|New Season, new Romana.|
Terry Nation is back with his final contribution to Doctor Who in ‘Destiny of the Daleks’, a rather dull story that opens up the 17th season where the 16th had finished in some ways – dull. In other ways, changes were afoot. Mary Tamm sadly decided to leave the show, and so they decided Romana would regenerate. She ends up regenerating into Lalla Ward in one of the all-time strangest scenes in Doctor Who where Romana keeps presenting new ‘bodies’ to the Doctor. (no, no they were all fully clothed! Goodness me).
|Romana II weeps and cries when interrogated.|
Lalla Ward would go on, I am told, to make the role her own but her Romana is very hard to like in this story. In ‘The Armageddon Factor’, Romana is tortured by the Shadow and stands brave and resolute throughout. Here she suffers the same fate but thanks to the Daleks, and she cries and screams like she does for much of the first half of this story. There are some better moments in the last half, the scenes where she plays rock-paper-scissors with the Doctor is a little reminded that she is a Time Lord, but I think that new script-editor Douglas Adams needed to work these scripts over a lot more than he did.
|Tom Baker and David Gooderson as Davros.|
David Gooderson has apparently copped a bit of flak for his portrayal of Davros. Michael Wisher was fantastic in ‘Genesis of the Daleks’, and now it’s Davros the Daleks have come to find to help fight the Movellans, another robot-race who are locked in a war with the Daleks. Davros is, after hundreds of years if not thousands is still alive somehow. Not only that, he’s been waiting for someone to find him in the same position he was shot covered in cobwebs. Ridiculous much? I don’t mind the portrayal of Davros here though, he is quieter, calculating and still sinister without the crazy over the top rants. Let’s be honest – over the top rants are the realm of atypical villains for the most part.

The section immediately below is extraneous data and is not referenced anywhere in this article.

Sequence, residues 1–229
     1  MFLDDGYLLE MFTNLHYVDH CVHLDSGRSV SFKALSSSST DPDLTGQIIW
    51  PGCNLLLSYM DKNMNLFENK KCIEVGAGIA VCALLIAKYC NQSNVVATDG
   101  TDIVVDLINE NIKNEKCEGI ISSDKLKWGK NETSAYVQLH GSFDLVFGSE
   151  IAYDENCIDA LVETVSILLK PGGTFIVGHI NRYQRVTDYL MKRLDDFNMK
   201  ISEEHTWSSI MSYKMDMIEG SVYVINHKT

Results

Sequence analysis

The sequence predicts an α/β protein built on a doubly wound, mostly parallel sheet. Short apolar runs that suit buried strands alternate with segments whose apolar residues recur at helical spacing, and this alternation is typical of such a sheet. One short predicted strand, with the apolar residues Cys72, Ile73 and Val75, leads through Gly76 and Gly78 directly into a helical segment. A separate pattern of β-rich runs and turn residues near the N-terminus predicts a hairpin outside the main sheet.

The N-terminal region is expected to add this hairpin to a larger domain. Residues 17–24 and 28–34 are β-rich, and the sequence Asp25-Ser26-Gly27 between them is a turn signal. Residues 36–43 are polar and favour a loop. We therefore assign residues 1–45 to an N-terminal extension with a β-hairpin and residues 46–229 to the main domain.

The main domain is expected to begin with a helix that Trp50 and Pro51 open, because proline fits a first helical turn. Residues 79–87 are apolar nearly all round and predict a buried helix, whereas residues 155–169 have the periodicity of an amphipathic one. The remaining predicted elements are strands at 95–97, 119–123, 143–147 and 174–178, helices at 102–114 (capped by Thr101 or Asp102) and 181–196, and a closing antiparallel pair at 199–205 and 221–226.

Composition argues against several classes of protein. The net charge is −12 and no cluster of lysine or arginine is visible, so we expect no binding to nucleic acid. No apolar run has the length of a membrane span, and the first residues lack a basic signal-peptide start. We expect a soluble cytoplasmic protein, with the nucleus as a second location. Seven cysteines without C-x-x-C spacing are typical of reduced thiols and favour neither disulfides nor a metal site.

The Daleks are willing to do whatever he says. They can’t believe the Doctor would sacrifice himself to kill Davros, then Davros asks them to sacrifice themselves to destroy the Movellan space ship. Doesn’t make a lot of sense. As usual though some good ideas behind the Nation plot – two battle computers that can’t out-think each other. The characters are all thin at best though, with the exception of Davros who wasn’t new. The Movellans are all robots, Daleks are Daleks and the slaves the Daleks are using to clear away down to Davros (he loves shots of people lifting rocks it seems) have a sort of leader (Tyssan played by Tim Barlow) who is completely functional in the story.
|Rock-Paper-Scissors explains all!|
Then mix in Ken Grieve’s rather uninspired paceless direction, add a complete lack of soundtrack (Dudley Simpson is credited but there’s hardly a bar of music, especially in the final episode) and it’s a hard story to enjoy on any level. There seriously hasn’t been as little incidental music since ‘The Sontaran Experiment’, and that was a two-parter! The Director usually would tell the composer where he wanted music, and the composer would go away and sort it out. So I have no idea why the story is so under-scored, unless that’s just the way Ken Grieve liked it. Personally I think it could have done with a lot more music, especially to heighten the last episode and add a degree of excitement which was completely lacking.
The more I write the more I realise how little I liked about this one. Better stop now and give a score.